Trump attended the University of Pennsylvania’s Wharton School, then started his own real-estate business with a $1 million loan from his father; he took subsequent loans worth millions (paywall) more from the elder Trump. Trump developed residential buildings, hotels, and casinos, while earning reputation as a playboy in New York City. (Literally: He appeared on the cover of Playboy magazine in March of 1990). He has also bragged about sexually assaulting women, and has been accused by several women of the same.

At one point, Trump owed banks $4 billion, and businesses he controlled filed for bankruptcy six times, including the Atlantic City Taj Mahal casino, leaving employees with millions in unpaid earnings. The Trump Organization since the 2000s has focused mostly on licensing the Trump name to hotels and property developments around the world.

Thoreau vs. Fox News

Xi loves to read, or at least to name his favorite writers during overseas speeches. He has referenced writers including Thomas Paine, Henry David Thoreau, Walt Whitman, Mark Twain, Jack London, and Ernest Hemingway in speeches in the US, and opened his speech at the last World Economic Forum in Davos with the Charles Dickens quote, “It was the best of times, it was the worst of times.”

Xi also loves Hollywood action movies, including “Saving Private Ryan” and “Flags of Our Fathers,” according to a leaked diplomatic cable.

Trump is an obsessive watcher of cable television news, and reportedly devours hours a day, especially shows on the right-wing Fox News network. He is reading a book about former US president Andrew Jackson, he said last month, and screened the animated feature “Finding Dory” at the White House movie theater after his inauguration.

An iron fist vs. apparent chaos

As president of China, Xi controls the world’s largest authoritarian dictatorship, and under his reign the government has cracked down on free speech, human rights, and political dissent. Booksellers who published books critical of Xi have been abducted from Hong Kong, and factory workers who organize protests for their deserved benefits jailed, while online censorship and spying on citizens by the government have increased.

EPA/Wu Hong
The core of everything.

Trump has been president of the US for less than three months, but even fellow Republicans are critical of the White House’s chaotic approach. So far he has issued a series of executive orders, a budget request, and a health-care bill that, collectively, give more power to the military and law enforcement; limit immigration and crack down on undocumented immigrants; defund foreign aid and women’s health programs; roll back protections for workers and the environment; and transfer wealth from the poor to the rich. However, several of his key initiatives have foundered in the face of court rulings or political opposition from within his own party.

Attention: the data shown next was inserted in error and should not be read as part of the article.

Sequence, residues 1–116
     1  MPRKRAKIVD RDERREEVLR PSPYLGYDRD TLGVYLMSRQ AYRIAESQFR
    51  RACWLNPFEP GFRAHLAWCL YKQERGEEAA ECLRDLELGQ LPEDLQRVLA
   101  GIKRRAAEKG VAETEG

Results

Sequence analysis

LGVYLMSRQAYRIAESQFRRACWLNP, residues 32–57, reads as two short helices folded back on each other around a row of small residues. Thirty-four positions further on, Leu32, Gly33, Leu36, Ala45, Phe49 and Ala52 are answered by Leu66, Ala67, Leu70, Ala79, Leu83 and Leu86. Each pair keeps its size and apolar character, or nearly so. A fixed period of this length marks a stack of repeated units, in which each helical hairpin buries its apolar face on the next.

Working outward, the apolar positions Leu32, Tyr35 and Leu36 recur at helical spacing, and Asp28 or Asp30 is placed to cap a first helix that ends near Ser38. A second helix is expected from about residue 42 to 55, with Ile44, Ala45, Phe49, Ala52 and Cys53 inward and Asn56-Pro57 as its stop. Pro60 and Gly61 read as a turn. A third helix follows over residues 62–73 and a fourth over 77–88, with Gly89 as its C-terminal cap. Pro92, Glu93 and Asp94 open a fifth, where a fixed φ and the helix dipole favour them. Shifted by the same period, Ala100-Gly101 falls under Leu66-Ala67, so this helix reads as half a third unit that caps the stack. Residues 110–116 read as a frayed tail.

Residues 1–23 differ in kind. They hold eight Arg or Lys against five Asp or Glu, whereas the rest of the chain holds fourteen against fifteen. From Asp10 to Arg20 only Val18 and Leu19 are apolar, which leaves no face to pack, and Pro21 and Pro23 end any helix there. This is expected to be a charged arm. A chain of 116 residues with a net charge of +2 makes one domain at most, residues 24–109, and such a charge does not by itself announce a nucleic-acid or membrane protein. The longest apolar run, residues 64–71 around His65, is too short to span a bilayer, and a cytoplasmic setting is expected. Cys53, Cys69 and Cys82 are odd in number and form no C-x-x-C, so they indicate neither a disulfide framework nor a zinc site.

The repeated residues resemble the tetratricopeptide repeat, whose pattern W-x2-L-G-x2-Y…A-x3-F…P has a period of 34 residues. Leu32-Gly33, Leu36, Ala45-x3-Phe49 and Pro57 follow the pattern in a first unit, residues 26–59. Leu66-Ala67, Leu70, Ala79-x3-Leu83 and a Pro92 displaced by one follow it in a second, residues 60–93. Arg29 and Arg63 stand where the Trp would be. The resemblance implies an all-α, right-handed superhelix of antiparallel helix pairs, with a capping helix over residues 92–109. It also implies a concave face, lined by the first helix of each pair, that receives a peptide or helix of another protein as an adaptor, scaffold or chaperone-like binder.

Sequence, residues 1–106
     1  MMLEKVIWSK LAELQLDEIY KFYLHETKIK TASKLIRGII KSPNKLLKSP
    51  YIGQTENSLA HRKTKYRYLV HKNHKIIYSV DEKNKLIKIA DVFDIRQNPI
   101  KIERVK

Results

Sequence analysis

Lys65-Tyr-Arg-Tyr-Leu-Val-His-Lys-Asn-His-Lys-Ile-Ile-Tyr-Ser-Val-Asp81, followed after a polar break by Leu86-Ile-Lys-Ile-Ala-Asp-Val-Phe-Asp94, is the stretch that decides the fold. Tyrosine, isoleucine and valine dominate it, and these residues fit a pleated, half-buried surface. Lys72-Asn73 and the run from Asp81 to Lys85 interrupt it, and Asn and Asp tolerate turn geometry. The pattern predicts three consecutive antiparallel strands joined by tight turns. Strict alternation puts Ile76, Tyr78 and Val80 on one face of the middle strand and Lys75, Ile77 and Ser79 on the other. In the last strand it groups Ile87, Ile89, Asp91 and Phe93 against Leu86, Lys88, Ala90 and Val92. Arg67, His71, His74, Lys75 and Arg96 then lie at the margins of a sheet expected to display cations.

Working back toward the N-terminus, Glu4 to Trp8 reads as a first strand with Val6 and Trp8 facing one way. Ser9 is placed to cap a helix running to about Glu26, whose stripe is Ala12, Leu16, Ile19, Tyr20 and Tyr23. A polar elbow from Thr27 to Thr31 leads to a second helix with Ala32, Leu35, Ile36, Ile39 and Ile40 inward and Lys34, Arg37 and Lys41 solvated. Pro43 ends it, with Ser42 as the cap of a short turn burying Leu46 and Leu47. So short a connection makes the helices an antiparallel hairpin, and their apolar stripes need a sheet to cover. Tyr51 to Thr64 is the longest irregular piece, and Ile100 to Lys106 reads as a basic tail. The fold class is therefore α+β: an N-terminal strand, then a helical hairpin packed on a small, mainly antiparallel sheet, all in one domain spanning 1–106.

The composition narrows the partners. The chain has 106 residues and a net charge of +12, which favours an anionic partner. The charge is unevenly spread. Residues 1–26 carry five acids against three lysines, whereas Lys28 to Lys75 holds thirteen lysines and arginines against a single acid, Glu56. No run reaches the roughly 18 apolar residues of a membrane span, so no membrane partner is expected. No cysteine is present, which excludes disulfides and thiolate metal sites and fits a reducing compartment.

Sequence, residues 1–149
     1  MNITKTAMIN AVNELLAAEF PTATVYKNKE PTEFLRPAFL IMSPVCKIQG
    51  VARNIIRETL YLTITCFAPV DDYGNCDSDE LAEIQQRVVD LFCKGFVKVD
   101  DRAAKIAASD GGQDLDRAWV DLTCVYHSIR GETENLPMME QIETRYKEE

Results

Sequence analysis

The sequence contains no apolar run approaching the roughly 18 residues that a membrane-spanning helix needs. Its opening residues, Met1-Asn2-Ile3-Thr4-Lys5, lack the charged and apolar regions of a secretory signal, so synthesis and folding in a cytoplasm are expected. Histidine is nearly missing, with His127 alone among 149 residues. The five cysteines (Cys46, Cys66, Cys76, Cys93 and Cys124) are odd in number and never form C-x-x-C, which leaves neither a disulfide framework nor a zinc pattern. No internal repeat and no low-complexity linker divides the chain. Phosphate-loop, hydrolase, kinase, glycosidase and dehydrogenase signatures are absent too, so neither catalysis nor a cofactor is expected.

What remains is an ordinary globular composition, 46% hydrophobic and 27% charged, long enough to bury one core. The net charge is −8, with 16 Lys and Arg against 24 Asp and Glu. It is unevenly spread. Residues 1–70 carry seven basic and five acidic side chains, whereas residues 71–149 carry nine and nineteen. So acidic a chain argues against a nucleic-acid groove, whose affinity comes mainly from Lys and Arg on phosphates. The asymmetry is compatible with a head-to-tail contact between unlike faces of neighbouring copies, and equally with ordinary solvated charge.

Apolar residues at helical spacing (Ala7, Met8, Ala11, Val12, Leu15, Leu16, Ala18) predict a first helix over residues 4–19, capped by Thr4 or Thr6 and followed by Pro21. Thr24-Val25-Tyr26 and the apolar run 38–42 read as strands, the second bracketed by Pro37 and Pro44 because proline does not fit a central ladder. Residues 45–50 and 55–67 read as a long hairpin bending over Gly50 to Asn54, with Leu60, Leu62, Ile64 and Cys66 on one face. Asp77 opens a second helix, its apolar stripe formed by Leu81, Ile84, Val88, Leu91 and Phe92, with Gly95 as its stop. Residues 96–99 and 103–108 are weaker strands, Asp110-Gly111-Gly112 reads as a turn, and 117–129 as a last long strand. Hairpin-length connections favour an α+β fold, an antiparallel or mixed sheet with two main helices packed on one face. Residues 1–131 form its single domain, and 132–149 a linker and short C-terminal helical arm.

Xi is also known for spearheading an anti-corruption push aimed at rooting out the bribe-taking and graft that were rampant in the Communist Party. It has resulted in tens of thousands of arrests—and also the sidelining and imprisonment of his political enemies, including the charismatic and popular politican Bo Xilai. Under Xi, politicians are forbidden from having mistresses,  playing golf, or indulging in “extravagant eating and drinking.” A cult of personality has built around Xi, earning him the nickname “Big Daddy Xi”.

Trump too came to office promising to “drain the swamp” of special interests, corruption, and Washington insiderism. He has imposed certain limits on lobbying, but has appointed close family members to senior positions and refused to divest his own business ties, breaking decades of US government tradition. His cabinet and White House staff rank among the wealthiest in history.

America first vs. a new world order

While Trump has promised to put “America first” from his first, dark, speech as president, Xi is promising to lead a “new world order,” language more reminiscent of one of Trump’s predecessors. Already having become the most authoritarian Chinese leader since Mao, Xi will almost certainly assume a second five-year term at this fall’s party congress, and there is speculation he will linger in power (paywall) even beyond that.

A slow-growing economy remains one of Xi’s biggest challenges. Last weekend, Xi announced to create a new economic zone near Beijing to rival with Shenzhen. He touted the plan as a “1,000-year project,” a rare term that shows his ambition to inject new impetus to growth.

Trump, meanwhile, has pledged to spend $1 trillion on infrastructure in the US, and bring back industries from coal-mining to manufacturing to steel production. Part of that is predicated on demanding better trade terms from China. It will be interesting to see whether he succeeds.